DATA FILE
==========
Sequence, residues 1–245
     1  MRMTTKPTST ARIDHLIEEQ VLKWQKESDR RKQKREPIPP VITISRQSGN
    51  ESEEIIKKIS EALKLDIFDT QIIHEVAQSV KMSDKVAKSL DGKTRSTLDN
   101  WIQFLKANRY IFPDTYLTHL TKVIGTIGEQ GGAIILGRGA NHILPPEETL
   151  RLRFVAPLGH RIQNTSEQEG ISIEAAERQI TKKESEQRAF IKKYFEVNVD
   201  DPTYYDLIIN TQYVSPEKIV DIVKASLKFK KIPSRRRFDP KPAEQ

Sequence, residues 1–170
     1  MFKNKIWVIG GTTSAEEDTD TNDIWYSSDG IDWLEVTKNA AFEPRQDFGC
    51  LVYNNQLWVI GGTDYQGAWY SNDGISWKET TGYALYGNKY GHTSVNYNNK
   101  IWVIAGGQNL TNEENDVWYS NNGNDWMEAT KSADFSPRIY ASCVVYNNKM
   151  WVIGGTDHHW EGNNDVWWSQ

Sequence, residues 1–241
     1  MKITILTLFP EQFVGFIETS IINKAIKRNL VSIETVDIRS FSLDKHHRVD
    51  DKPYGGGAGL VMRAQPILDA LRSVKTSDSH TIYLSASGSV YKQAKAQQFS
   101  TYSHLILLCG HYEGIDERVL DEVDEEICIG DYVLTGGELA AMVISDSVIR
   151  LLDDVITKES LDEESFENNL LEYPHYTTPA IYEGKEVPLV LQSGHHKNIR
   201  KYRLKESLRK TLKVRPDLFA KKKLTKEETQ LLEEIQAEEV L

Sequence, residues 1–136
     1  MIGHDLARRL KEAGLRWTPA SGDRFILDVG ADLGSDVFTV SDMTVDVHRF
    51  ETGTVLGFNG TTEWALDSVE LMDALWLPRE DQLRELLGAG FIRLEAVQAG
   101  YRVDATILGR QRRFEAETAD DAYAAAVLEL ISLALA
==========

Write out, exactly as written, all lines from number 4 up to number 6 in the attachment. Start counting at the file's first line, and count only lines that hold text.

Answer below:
   101  WIQFLKANRY IFPDTYLTHL TKVIGTIGEQ GGAIILGRGA NHILPPEETL
   151  RLRFVAPLGH RIQNTSEQEG ISIEAAERQI TKKESEQRAF IKKYFEVNVD
   201  DPTYYDLIIN TQYVSPEKIV DIVKASLKFK KIPSRRRFDP KPAEQ